Sunday, 13 April 2008

Energy: location and requirements

GAS - located mainly on eastern side of UK e.g. around Humber Estuary. Case Study Killingholme
Large flat site in areas of low population density and where land is of little agricultural value - cheap
Access to gas fields – e.g. North Sea
Close to river for cooling water and als water needed to produce steam for generation

COAL - located on coalfields, close to collieries and existing open cast coal mines e.g. Selby, Case Study: Eggborough Humberside
Large flat site
Built on or near large supplies of coal (mine) because it is bulky and very expensive to transport

Often linked to pits by special railways that only carry coal. By locating close to mine and building rail links, transport costs are reduced

Located along major rivers because large amounts of water are needed to produce steam to drive turbines and need large amounts of cooling water

Many are near to urban areas many of the large conurbations developed on the coal fields during the time of the industrial revolution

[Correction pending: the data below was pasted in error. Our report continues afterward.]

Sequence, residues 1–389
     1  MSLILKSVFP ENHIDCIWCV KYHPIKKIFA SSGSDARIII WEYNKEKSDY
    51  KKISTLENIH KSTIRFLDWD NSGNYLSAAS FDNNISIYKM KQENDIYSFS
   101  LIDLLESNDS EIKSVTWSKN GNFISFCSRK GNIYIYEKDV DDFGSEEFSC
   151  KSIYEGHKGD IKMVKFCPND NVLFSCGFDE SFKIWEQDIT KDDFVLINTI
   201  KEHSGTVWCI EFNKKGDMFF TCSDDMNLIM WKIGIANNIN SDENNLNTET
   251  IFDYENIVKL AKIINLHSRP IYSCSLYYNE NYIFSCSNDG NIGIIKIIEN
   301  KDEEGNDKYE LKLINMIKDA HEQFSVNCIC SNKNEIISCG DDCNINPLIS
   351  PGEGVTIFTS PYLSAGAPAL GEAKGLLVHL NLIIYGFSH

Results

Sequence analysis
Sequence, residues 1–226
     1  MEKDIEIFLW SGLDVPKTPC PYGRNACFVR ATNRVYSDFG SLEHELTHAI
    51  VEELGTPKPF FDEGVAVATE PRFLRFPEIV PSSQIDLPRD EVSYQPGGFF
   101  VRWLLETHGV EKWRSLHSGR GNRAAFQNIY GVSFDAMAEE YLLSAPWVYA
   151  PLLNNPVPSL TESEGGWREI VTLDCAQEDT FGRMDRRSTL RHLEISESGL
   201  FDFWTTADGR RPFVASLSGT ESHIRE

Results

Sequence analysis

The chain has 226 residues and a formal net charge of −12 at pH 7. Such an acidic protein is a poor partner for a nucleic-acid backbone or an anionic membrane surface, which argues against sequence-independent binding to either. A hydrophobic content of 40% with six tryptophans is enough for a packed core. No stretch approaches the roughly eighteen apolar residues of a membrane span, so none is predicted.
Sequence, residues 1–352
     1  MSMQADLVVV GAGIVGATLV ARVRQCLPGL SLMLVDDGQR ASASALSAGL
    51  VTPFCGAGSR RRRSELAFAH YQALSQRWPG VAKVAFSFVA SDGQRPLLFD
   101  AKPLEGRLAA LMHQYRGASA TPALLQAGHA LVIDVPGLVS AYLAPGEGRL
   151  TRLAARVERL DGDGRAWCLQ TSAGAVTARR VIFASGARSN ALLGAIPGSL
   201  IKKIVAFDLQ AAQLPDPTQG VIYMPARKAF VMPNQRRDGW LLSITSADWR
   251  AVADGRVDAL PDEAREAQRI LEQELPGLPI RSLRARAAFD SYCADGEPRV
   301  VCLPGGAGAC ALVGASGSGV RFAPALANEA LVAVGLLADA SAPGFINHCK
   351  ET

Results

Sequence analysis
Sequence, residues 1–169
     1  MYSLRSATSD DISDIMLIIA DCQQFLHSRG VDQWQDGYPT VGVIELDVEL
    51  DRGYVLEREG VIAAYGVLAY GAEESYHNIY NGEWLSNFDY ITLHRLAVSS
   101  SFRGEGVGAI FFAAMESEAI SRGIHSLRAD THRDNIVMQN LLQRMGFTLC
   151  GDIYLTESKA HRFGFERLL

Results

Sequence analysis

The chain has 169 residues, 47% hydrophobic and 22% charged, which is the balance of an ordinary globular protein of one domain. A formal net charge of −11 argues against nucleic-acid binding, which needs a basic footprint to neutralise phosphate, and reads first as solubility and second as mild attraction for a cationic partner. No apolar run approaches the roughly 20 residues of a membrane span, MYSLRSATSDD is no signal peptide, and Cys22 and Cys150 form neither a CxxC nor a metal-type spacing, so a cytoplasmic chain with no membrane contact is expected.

NUCLEAR - scattered locations around the country. Case Study Heysham, Lancs
Located away from large populated areas in case of accidents and also as there is less opposition to building plant
Large, flat site
Low value land
Stable bedrock
Located on the coast as vast amounts of water are needed for cooling purposes
Good transport links for both raw materials and waste products

WIND - farms - majority are located in west of country, in upland areas. No wind farms in National Parks. Case Study Lambrigg wind farm, Cumbria
because ....
Areas with high and regular wind speeds so often found in exposed coastal locations or in remote upland areas
The wind speeds are higher in the west of the country
In Britain there are more days when winds blow from the west than from any other direction so there are more days when the wind turbines can be operated.
At higher altitudes, wind speeds are faster and there are fewer obstacles to block the wind.
Wind farms are not built where they would detract from the natural beauty of a National Park

HEP - Found mainly in the north and west of the UK in upland areas. Case Study: Cruachan W. Scotland
Large and regular rainfall (> 1500mm pa) and low rates of evaporation in order to provide a constant supply of water.
Upland areas where narrow valleys which are ideal for dam construction and water storage
Strong and impermeable bed rock so water does not drain away through the rocks
Cheap land, sparsely populated
Steep upland gradients or former waterfall to give the necessary high head of water to turn the turbines

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